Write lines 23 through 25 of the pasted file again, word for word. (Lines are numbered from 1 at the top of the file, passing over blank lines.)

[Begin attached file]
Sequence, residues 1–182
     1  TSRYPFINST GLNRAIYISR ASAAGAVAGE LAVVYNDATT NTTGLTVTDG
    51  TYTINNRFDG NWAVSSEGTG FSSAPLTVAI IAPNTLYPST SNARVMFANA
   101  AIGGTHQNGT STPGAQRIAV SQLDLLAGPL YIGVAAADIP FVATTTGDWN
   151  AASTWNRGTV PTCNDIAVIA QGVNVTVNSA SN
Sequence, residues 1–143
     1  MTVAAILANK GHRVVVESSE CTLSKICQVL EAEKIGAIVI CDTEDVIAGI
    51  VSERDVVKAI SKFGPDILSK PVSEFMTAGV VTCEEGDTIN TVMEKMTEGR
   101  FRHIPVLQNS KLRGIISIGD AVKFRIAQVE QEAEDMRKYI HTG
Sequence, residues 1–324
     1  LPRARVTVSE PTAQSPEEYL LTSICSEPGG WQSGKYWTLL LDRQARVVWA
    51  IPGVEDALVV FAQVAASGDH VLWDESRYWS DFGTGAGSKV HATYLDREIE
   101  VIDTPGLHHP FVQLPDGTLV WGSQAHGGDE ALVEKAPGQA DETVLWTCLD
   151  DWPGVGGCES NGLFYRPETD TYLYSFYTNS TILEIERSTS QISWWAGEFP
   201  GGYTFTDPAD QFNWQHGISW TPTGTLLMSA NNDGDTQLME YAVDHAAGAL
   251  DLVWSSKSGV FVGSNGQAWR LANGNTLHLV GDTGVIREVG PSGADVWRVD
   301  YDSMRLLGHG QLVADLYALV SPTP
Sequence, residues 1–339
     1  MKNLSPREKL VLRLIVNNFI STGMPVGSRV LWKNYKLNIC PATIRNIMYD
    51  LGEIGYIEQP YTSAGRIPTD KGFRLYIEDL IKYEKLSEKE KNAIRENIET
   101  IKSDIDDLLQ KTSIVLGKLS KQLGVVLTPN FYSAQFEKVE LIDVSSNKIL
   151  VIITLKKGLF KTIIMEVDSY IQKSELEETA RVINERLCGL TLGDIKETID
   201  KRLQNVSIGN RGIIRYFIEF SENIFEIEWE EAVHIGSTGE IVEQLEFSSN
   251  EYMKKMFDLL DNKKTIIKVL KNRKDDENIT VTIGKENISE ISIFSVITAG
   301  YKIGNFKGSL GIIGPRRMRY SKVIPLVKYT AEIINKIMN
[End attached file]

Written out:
   201  KRLQNVSIGN RGIIRYFIEF SENIFEIEWE EAVHIGSTGE IVEQLEFSSN
   251  EYMKKMFDLL DNKKTIIKVL KNRKDDENIT VTIGKENISE ISIFSVITAG
   301  YKIGNFKGSL GIIGPRRMRY SKVIPLVKYT AEIINKIMN